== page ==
We are very hopeful about a possible deal brokered by Russia for Syria to give up its chemical weapons and sign the international chemical weapons convention, if the U.S. backs away from airstrikes.
Negotiations are tense, and even if it works out, there's no sign that the civil war between the Syrian government and rebel groups will stop. Still, it would stop two things that would escalate this conflict: chemical weaponry and U.S. intervention.
If Syria and the divided member nations of the United Nations Security Council can agree on this much, maybe then they can hammer out a compromise to end the bloodshed entirely. It's a goal worth striving for, one step at a time.
According to polls, most Americans are against U.S. military strikes in Syria, and that goes for Enterprise readers, too. In our unscientific Web poll last week - "Is it appropriate for the U.S. to use military force in Syria in response to alleged chemical weapons attacks?" - 68 percent voted no. When you take out the 10 percent who voted "undecided," the nos outweighed the yeses more than 3 to 1.
The Obama administration understandably wants to stop Syrian President Bashar Assad from using more chemical weapons to kill people, but the proposed solution - for us to kill more Syrians with conventional weapons - would only add to the body count.
The administration's claim that U.S. intervention would be "limited" rather than open-ended is hard to believe. If our attacks do not completely shut down Assad, won't he dig in to fight with no holds barred against both the rebels and the U.S., drawing us in further? And if the U.S. kills Assad and cripples his army, wouldn't the ensuing power vacuum create chaos similar to that in Iraq in 2003, which the U.S. would be held responsible for - again, drawing us in further?
U.S. Secretary of State John Kerry called this a "Munich moment," referencing Western nations' hesitation to stop Nazi Germany in the 1930s. That comparison doesn't fly. Foreign affairs journalist Fareed Zakaria put it well in his most recent Time magazine column: "Adolf Hitler was in charge of the world's largest army and one of its richest countries and was seeking conquest of Europe and perhaps the world. Assad, by contrast, runs one of the world's poorest countries and is struggling desperately to remain in control of it."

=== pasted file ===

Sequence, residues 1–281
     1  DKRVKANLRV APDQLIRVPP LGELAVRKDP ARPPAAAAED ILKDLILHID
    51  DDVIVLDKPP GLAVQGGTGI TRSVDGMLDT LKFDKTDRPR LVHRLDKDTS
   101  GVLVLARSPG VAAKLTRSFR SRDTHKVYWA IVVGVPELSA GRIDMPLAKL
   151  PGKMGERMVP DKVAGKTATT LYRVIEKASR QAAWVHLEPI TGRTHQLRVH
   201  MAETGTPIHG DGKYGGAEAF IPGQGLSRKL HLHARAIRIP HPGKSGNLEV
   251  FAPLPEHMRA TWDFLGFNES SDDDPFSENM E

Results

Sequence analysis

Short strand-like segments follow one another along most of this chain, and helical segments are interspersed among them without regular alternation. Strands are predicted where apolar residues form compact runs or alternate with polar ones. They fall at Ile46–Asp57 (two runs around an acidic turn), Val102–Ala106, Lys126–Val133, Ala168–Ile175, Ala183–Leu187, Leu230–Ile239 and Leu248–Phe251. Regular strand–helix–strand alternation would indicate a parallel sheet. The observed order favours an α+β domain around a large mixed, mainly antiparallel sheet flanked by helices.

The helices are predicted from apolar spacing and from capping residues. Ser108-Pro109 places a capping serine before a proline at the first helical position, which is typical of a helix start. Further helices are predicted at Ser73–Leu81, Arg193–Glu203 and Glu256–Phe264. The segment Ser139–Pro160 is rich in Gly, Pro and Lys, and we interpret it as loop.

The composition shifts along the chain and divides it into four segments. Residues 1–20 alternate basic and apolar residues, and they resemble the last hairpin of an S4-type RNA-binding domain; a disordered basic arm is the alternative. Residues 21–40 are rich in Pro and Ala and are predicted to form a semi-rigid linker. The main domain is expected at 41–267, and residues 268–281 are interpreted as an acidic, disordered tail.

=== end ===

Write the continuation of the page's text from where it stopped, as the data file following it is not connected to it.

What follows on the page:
Rather, what about a comparison to 1914, when an Austro-Hungarian archduke's assassination in Sarajevo sparked a world war? What if Syria rallies Russia and Iran to its side against the U.S. and its allies?
Beyond strategic logic, there's conscience to consider. Ideally, in a nation with so much Judeo-Christian heritage, most people would reject war simply because killing people is intrinsically wrong, as made clear in the Ten Commandments and the teachings of Jesus.
From a utilitarian point of view, warfare generally does more harm than good for humanity as a whole; those who benefit from it do so at others' expense. U.S. Rep. Chris Gibson, R-Kinderhook, a retired Army colonel who used to represent part of the Adirondacks, put it plainly to us in 2012 that in his 24-year military career, what he saw happen in war was "killing people and breaking things.
"You've got to recognize that it's a very serious decision, one that should only be undertaken after a long discussion, the American people's involvement and a vote in Congress," he said.
That's exactly what's happening now. It's messy and erases any surprise attack on Assad, but it's wiser than the alternative.
Of course, humans have been marching to war since before history. All we can do to stop that is to prevent one conflict at a time. For now, let's work on this one in Syria.